Planetarium program tutorial 1

Believe it or not my grandma got me into computer programming when I was about six years old when she bought me two issues of the magazine Input. I fondly remember (I’m kind of a nerd) the tutorials and programming listings in ZX spectrum magazines such as Your Sinclair. It’s no wonder that people have difficulty in getting into programming. Most machines from PC World nowadays don’t come with easily accessible beginners programming tools. Back when I was at school everyone could type:

10 PRINT "Hello world"
20 GOTO 10.

Now to even do that in a language like C requires a bit more effort.

I’ve benefited a lot over the past 25 odd years from people writing tutorials and given that this is the year that everyone is supposed to learn to code (even the mayor of New York is learning to code) I thought I might try to write a computer programming tutorial.

So what will I aim to do with this. So my thought was to write a mini planetarium program that you can use to find out what is in the sky on a given day/time from a particular place on Earth. Not only is this fairly useful but also its something that needs a bit of thought and can be extended to suit to abilities of anyone following this tutorial. Although of course it wouldn’t replace something like Stellarium! A screenshot from Stellarium is shown below and so this should give you an idea for what I’m aiming for – except perhaps more basic imagery… I’ll be doing this tutorial in the programming language BASIC, which stands for Beginners All-purpose Symbolic Instruction Code. It’s designed for people to pick up easily and for doing a wide variety of things. It’s fallen out of fashion of late but I think it’s a nice little language. This also has the advantage that you don’t need to install any software because I found a BASIC interpreter online that you can use in your web browser called Ready BASIC. It’s perhaps a little rough around the edges but it works well.

I have a slightly ulterior motive for doing this. Whenever I give talks and want to point out where to find Jupiter or Saturn in the sky that night I usually have to resort to a screen capture from Stellarium. But on projectors these captures often look washed out. So for a while I’ve wanted my own program to draw nice high quality drawings of parts of the night sky. So this serves two purposes at once. So in due course I’ll also post some code written in a language other than BASIC.

I don’t just want to teach programming but also program design. So this program should be able to show the position of the stars, Moon, planets, and various deep sky objects in the sky at a given date/time/location. So we want to be able to specify the time, the date, the location (as a latitude and longitude) and then get a map on the screen of the sky showing the Moon, planets, stars and deep sky objects. We want to be able to zoom in on a particular part of the sky so we’ll need to specify the ranges in azimuth and altitude on the screen. This all tells us what we want the program to do – not how to do it.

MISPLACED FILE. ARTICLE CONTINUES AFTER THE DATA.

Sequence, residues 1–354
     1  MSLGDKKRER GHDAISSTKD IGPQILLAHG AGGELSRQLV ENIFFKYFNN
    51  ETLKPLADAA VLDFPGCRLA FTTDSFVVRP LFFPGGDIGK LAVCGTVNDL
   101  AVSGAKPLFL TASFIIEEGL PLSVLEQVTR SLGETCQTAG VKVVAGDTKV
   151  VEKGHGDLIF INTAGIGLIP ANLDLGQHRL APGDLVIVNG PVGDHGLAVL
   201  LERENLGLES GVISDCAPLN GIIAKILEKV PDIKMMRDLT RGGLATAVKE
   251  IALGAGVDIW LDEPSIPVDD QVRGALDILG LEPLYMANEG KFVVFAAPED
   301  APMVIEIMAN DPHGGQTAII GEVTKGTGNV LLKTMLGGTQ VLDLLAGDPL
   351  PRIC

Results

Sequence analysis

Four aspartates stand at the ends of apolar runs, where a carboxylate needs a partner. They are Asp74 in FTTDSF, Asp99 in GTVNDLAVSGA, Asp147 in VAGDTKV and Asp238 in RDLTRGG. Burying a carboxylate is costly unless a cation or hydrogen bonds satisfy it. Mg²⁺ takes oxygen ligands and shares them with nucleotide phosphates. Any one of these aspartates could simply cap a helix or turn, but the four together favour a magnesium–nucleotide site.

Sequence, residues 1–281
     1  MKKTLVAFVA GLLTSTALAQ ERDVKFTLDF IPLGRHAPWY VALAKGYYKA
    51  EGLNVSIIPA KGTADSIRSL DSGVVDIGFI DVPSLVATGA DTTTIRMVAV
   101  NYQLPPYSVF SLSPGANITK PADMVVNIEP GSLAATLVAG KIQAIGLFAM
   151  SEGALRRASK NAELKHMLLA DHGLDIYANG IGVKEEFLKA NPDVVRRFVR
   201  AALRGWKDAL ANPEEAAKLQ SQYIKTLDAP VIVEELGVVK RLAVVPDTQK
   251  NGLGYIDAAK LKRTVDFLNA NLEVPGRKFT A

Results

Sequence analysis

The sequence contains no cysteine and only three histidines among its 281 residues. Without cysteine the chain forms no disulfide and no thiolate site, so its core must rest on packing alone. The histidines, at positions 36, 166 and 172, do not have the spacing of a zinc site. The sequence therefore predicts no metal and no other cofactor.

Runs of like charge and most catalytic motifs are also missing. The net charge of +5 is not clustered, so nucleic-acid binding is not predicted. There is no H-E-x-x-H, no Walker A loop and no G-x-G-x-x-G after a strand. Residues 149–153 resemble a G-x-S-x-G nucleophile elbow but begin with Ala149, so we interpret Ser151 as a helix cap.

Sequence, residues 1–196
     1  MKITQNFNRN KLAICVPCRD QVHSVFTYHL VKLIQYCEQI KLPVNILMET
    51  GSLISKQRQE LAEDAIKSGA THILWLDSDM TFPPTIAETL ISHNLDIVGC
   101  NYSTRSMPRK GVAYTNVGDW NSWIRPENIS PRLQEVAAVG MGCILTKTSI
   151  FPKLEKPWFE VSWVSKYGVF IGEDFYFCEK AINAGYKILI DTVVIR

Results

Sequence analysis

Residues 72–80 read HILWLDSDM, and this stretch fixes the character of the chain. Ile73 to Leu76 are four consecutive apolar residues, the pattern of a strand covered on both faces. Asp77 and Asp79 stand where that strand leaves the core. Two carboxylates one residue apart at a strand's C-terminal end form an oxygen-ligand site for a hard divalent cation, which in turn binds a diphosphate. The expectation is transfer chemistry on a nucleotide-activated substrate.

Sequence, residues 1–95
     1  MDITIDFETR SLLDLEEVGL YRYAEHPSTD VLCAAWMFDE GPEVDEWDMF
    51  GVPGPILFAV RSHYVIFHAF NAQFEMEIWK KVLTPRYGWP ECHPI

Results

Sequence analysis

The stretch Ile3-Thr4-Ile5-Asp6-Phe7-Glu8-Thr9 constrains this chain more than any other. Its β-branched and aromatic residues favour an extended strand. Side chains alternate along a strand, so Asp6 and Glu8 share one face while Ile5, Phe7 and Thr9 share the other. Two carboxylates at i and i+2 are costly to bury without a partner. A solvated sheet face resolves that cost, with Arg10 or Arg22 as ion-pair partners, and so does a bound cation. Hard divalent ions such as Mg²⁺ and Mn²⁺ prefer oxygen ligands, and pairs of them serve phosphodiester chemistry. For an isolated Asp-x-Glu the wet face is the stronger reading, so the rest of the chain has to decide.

In the next blog post on this I’ll talk a bit more about how to do things, break down the job into manageable chunks, and show how to do the first thing: make a star chart from a freely available star catalogue.

In defence of art

“…14-year-olds … would never imagine that a professional scientist would spend so much time drawing, sketching, and writing.”

I spend a lot of my time working on figures and illustrations. More than the person-on-the-street might imagine. During GCSEs and A-levels I didn’t see the point of the canonical “Draw a labelled diagram” but now it’s the sort of thing I often end up writing as comments on other peoples’ work. Making these sorts of illustrations can take a lot of work – especially to make something that is publication quality which conveys some important point. In my opinion a picture conveys a thousand words isn’t a strong enough statement when communicating science, as long as its a good picture. If you’ve ever tried to describe a picture in your head for someone to draw out you’ll know how difficult it is to convey visual ideas in words.

Publishers want graphics in a vector format – so they can be scaled without loss of quality – which usually means PDF or EPS (Encapsulated Postscript). They often have a long set of guidelines for the production of figures, for example journals published by AGU, Springer, and Elsevier. For line drawings I typically use OpenOffice Draw, although I haven’t found its EPS export to be that great, and Inkscape. But I know plenty of people who use Adobe Illustrator and Corel Draw. Often a hybrid solution is called for – so rather than trying to draw some complicated shape using Bezier curves I will make a plot and then import that into Inkscape and merge it in with the rest of the figure. This is the sort of thing that can consume time. For prettier 3D graphics I’ve taken to using Pov-ray – this is what I used to make the figure on the right – but since it isn’t in a vector format the image needs to be rendered at a high enough resolution for print.